Revolutionary eye-drop

Injuries to the surface of the eye as a result of burns, infections, inflammation, trauma and surgery, can cause corneal scarring and opacity – a leading cause of visual loss. There are few therapeutic options to modify, minimise or reverse scarring to maintain corneal transparency and visual function, and these are not always effective.

Researchers at the Healthcare Technologies Institute, led by Professor Liam Grover, and in collaboration with Birmingham and Midland Eye Centre, Sandwell and West Birmingham Hospitals NHS Trust, and the Queen Elizabeth Hospital Birmingham have developed a revolutionary eye-drop to prevent corneal scarring and blindness.

eye-drop to prevent corneal scarring and blindnessThe anti-scarring eye drop will not only have significant positive impacts for patients, but also socio-economic influences. Patients may be self-administered in a home and/or community setting, negating the need for prolonged hospitalisation and clinic attendance.

Birmingham hosts the largest medical device cluster in the UK with an impressive and extensive infrastructure in addition to world class hospital trusts, including the Institute for Translational Medicine and the new Medical Device Testing and Evaluation Centre (MD-TEC) linked to our Healthcare Technology Research Institute. Co-located with a host of clinical/academic centres of excellence focused on translational challenges – such as the NIHR Surgical Reconstruction and Microbiology Research Centre (SRMRC) – this provides academics, clinicians and industry with a perfect environment to rapidly mature their nascent technologies, provide training opportunities, and act as an integrated coordination point to bring multi-disciplinary teams together around shared challenges and opportunities.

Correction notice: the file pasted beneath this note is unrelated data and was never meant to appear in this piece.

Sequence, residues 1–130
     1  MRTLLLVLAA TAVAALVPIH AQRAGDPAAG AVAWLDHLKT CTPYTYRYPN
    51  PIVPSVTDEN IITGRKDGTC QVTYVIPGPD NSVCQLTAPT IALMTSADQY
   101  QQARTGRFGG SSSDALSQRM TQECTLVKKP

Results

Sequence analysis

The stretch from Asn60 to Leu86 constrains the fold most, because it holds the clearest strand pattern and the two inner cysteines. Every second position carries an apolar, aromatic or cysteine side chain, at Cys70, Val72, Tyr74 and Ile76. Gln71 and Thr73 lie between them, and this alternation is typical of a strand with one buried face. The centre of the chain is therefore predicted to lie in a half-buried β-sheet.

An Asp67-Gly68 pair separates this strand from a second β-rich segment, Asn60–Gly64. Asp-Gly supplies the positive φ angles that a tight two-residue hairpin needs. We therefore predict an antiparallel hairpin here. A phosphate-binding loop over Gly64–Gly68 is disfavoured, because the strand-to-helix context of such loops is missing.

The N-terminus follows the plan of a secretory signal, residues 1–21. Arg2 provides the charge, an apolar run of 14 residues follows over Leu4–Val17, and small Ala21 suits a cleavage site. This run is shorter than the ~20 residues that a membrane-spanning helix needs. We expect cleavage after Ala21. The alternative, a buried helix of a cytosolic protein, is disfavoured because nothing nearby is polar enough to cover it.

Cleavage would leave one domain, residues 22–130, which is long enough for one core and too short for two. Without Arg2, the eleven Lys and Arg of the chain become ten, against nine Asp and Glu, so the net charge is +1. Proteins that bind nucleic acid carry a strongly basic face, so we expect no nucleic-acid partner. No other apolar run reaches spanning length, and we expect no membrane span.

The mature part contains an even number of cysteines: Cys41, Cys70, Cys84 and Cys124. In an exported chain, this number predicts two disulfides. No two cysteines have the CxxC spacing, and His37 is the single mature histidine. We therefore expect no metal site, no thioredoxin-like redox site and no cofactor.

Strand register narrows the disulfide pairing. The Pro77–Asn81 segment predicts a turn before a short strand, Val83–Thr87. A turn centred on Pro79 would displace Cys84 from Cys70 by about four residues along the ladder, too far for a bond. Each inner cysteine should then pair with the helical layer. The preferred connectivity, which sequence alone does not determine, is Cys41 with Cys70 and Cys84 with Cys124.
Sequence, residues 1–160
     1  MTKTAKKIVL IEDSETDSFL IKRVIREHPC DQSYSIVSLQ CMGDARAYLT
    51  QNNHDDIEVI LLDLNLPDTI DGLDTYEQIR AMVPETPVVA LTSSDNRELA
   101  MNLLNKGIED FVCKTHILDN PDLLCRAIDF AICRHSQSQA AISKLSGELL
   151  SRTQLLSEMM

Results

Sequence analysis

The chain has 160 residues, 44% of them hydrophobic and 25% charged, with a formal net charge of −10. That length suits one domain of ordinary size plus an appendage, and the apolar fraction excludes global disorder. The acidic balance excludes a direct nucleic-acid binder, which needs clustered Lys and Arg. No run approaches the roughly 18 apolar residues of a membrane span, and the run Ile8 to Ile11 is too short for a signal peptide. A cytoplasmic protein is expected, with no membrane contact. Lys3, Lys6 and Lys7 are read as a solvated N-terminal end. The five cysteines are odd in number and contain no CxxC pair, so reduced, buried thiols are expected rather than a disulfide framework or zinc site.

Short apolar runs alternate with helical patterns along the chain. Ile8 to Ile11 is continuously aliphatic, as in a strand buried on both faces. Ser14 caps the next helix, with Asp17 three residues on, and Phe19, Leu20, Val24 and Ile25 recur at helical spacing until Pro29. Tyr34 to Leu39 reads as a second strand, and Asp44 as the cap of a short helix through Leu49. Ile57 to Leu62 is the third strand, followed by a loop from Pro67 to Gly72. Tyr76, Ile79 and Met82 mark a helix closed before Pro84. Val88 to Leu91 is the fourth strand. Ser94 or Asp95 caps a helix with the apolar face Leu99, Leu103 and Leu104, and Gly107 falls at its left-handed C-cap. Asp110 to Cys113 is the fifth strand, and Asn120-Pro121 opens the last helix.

For more information, please contact:

Professor Liam Grover, Director of the Healthcare Technologies Institute:
Emma Lardner (PA to Professor Liam Grover):